Safety is the first priority in our DIY class in Dallas and we use math skills to promote it. You can use math all over in wood working, but I am talking specifically about math terms and the table saw. You may ask, “How can math save my digits on the saw?”, and all ten fingers point to geometry.

If you took a geometry class and studied shapes, you probably came across the terms “concave” and “convex”. Now, if you are like me, and math class was a long time ago, a simple way to separate these two terms is that concave has a “caved in” shape and convex is a ballooning outward shape. To apply this concept to lumber, you need to imagine how the wood you are about to rip lines up against the fence of your saw. The concave side of a board will touch at both ends with an open space in between while the convex will touch in the center but neither side will be flush with the fence. The convex side presents a danger to anyone using the saw because it increases the likelihood of the board moving unpredictably during the cut.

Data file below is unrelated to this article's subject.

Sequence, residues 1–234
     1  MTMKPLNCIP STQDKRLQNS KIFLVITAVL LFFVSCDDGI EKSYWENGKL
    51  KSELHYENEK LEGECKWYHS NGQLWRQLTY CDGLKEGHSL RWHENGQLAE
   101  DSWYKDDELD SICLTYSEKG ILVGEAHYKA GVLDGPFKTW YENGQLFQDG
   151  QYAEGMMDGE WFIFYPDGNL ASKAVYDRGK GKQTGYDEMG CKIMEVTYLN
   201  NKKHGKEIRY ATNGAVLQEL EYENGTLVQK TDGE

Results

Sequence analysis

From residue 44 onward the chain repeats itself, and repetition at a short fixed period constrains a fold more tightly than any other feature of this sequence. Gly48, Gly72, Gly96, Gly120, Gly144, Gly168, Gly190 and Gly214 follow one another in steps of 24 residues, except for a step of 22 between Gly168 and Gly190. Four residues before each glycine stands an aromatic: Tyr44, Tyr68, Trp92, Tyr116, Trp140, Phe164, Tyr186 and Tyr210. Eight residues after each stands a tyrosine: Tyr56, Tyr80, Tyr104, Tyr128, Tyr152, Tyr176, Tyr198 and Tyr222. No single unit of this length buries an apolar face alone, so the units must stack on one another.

To save your fingers, and the integrity of the wall space behind you, always check your boards against the straight edge of your table saw’s fence. If both sides are touching (i.e., the concave side), then you can guide the board through with greater confidence you will achieve a straight cut. However, if you place the board against the fence and you see it move and either end (i.e., the convex side), flip it over to make sure the concave side is against the fence. And if you are a stickler for both sides being joint worthy, cut your board to its desired width by making two passes, first by using the concave side and the second with the freshly sawn side.

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